The struggle is real

Almost two months have passed since I’ve been enrolled in a university. The pace is fast, like I expected, but maybe not this fast. There is a lot of math I’ve never seen before, so I got to catch up a lot to understand some concepts in both statistics and linear algebra. From experience I know I’m a slow learner, but once I grab the hold of the basics I’m generally ok. The question is how long will it take, and will I ever get to that point?

I feel like Forest Gump, in all of its meaning. I have to keep on running without an end in sight. Eventually I’ll know how much I can take, how much the working memory, insight and mental arithmetic can be trained or improved. In my you can learn anything post, there are multiple sources stating your mind is like a muscle, which will grow when used. Similarly it’s only after months or over a year once you notice significant improvements. For now, time is on my side. All things considered, I haven’t had any regrets yet. In barely two months I’ve learned and understood more about math than I have ever before. Don’t misunderstand, I’m behind, so all I am talking about is high school math which I never comprehended as I do now. Nevertheless, little progress is still progress. The following passage from I Origins puts it perfectly:

Ian: “You know we could be looking forever and find nothing.”
Karen: “Turning over rocks and finding nothing is progress.”

Or Yoda, of course:

“Do. Or do not. There is no try.”

Aside from university. My first MOOC on natural disasters is coming to an end. There is only one test left. It was a amazing experience to learn from professors over the internet; knowing they are in Canada and you’re in Belgium. I’m convinced the new era of education is on the right track. For the human species to advance it’s of paramount importance to make learning accessible and fun to everyone. And that’s what MOOCs are doing. This one example show a guy who landed a job at microsoft because of it.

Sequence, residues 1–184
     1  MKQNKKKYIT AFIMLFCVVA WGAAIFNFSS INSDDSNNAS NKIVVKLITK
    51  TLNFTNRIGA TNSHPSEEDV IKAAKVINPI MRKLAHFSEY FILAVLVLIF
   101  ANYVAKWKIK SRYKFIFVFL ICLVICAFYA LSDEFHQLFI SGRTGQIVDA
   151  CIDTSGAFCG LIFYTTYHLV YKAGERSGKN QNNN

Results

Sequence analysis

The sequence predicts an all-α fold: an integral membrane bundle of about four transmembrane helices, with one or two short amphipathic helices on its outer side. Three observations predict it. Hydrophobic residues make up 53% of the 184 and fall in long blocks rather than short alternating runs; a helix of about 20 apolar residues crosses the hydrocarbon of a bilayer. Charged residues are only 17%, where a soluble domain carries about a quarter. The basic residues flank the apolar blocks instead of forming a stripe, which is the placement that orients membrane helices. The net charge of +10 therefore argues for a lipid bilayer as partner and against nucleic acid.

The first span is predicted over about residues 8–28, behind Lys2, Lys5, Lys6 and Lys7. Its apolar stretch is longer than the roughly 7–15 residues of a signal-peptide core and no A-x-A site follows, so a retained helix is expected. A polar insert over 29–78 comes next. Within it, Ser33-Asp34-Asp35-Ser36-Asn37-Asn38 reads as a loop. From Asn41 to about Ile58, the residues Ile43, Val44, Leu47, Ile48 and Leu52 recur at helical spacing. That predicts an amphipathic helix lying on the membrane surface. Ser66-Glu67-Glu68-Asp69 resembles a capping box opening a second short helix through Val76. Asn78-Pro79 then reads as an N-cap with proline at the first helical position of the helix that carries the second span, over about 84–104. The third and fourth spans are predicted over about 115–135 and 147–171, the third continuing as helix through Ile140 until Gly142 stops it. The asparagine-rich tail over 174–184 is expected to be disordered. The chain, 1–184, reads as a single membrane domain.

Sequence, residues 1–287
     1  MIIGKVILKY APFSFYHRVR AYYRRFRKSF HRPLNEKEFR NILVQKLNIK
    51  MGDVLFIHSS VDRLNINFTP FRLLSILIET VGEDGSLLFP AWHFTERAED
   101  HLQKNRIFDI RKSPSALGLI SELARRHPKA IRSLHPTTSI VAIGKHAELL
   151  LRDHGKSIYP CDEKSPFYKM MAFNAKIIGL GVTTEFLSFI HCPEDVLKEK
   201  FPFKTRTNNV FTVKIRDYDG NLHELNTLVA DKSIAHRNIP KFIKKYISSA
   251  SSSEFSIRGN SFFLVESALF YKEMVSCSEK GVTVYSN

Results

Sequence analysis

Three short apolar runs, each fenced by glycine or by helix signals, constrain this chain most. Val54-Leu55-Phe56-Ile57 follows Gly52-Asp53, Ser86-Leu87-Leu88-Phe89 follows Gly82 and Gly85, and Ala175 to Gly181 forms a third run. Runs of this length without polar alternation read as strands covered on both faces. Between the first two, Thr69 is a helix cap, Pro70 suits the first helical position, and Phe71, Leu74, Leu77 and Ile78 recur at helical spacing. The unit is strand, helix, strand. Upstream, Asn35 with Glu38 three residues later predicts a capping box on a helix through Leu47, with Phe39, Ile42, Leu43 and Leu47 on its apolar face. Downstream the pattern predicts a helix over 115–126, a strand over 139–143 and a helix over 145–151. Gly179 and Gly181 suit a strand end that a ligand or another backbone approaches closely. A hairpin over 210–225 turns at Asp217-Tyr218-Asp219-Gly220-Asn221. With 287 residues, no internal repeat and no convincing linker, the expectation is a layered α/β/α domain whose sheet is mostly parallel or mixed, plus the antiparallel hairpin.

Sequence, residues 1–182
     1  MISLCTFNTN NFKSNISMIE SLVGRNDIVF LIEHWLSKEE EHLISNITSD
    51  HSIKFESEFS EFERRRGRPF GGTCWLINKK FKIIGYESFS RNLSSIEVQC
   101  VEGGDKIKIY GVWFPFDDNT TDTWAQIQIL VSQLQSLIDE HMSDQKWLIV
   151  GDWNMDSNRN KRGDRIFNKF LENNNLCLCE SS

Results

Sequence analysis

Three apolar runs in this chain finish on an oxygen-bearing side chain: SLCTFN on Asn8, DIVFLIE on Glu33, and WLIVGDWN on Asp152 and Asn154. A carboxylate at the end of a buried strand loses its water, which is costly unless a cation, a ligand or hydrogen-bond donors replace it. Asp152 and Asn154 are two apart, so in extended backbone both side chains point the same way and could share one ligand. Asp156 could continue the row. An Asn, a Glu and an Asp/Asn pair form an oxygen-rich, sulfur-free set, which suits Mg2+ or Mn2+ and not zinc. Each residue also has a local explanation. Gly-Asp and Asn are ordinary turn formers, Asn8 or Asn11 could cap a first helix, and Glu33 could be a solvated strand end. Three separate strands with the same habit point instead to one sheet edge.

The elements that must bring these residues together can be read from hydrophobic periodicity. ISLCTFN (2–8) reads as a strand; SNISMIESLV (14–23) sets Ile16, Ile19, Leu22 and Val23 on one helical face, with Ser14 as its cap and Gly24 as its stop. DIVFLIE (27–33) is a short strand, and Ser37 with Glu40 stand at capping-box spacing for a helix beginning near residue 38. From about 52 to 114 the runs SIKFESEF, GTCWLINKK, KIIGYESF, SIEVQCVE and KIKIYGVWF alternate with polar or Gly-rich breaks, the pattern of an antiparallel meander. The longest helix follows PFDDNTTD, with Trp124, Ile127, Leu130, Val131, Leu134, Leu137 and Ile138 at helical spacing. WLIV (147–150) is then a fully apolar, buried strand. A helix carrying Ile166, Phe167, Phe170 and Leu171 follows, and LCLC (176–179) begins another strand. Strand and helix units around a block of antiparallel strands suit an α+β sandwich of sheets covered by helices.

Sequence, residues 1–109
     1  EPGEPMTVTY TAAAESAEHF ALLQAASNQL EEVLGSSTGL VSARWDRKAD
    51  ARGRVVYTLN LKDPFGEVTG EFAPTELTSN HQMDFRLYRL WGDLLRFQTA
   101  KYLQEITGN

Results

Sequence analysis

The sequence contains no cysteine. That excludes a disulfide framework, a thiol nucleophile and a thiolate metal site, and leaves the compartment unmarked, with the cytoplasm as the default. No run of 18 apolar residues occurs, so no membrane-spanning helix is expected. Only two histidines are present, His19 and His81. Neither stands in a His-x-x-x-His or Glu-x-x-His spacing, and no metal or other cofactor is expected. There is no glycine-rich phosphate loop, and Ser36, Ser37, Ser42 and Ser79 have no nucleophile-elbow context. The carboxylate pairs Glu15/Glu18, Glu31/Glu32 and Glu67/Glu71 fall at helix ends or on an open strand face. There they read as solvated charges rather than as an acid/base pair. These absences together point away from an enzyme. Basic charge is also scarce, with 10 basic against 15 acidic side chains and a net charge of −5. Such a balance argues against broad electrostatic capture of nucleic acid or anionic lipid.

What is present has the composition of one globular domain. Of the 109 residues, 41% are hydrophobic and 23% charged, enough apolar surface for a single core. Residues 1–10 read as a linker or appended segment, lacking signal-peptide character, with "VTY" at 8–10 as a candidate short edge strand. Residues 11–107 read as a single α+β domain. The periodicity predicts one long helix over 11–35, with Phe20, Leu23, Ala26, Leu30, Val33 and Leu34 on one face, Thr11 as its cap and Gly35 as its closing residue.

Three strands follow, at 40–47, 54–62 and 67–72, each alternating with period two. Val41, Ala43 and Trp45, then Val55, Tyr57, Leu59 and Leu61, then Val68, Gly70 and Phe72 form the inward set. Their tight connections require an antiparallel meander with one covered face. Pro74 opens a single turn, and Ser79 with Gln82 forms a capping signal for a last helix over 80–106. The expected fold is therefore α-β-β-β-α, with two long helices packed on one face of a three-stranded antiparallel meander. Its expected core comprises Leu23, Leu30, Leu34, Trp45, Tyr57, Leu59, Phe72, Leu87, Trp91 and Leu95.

“When asked if I knew about cloud computing I told them about the courses I had taken and that I was also a TA in the edX course. They were highly impressed with this. They were so impressed that while other candidates got grilled for hours with technical questions, my interviews were short and mostly HR based because of all the courses I took at edX.” —Akshay Kulkarni: From edX courses to a job a Microsoft

Those who are interested in reading my mini case study for the course, you can do so here: Case study – Pukkelpop Natural Disaster – Angelino Desmet

It’s about what happens when you combine the storm depicted below to a music festival.



PS The two largest MOOC platforms are edX and Coursera. Respectively hosting courses provided by:



and much more.


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